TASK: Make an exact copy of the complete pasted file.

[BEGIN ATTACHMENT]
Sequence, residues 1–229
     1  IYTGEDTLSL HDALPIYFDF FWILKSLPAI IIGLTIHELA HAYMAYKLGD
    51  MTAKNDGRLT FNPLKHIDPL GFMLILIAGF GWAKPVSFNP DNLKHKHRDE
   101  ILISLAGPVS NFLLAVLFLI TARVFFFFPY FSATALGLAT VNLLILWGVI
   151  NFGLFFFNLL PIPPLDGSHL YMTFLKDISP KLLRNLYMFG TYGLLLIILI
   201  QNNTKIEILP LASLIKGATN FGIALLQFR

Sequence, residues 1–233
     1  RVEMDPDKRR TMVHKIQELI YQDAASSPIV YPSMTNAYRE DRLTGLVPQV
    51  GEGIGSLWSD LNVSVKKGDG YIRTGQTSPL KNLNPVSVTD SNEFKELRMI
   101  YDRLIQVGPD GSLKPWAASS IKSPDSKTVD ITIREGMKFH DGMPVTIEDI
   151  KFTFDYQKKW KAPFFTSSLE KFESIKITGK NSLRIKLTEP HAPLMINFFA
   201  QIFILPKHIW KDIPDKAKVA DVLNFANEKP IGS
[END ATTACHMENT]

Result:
Sequence, residues 1–229
     1  IYTGEDTLSL HDALPIYFDF FWILKSLPAI IIGLTIHELA HAYMAYKLGD
    51  MTAKNDGRLT FNPLKHIDPL GFMLILIAGF GWAKPVSFNP DNLKHKHRDE
   101  ILISLAGPVS NFLLAVLFLI TARVFFFFPY FSATALGLAT VNLLILWGVI
   151  NFGLFFFNLL PIPPLDGSHL YMTFLKDISP KLLRNLYMFG TYGLLLIILI
   201  QNNTKIEILP LASLIKGATN FGIALLQFR

Sequence, residues 1–233
     1  RVEMDPDKRR TMVHKIQELI YQDAASSPIV YPSMTNAYRE DRLTGLVPQV
    51  GEGIGSLWSD LNVSVKKGDG YIRTGQTSPL KNLNPVSVTD SNEFKELRMI
   101  YDRLIQVGPD GSLKPWAASS IKSPDSKTVD ITIREGMKFH DGMPVTIEDI
   151  KFTFDYQKKW KAPFFTSSLE KFESIKITGK NSLRIKLTEP HAPLMINFFA
   201  QIFILPKHIW KDIPDKAKVA DVLNFANEKP IGS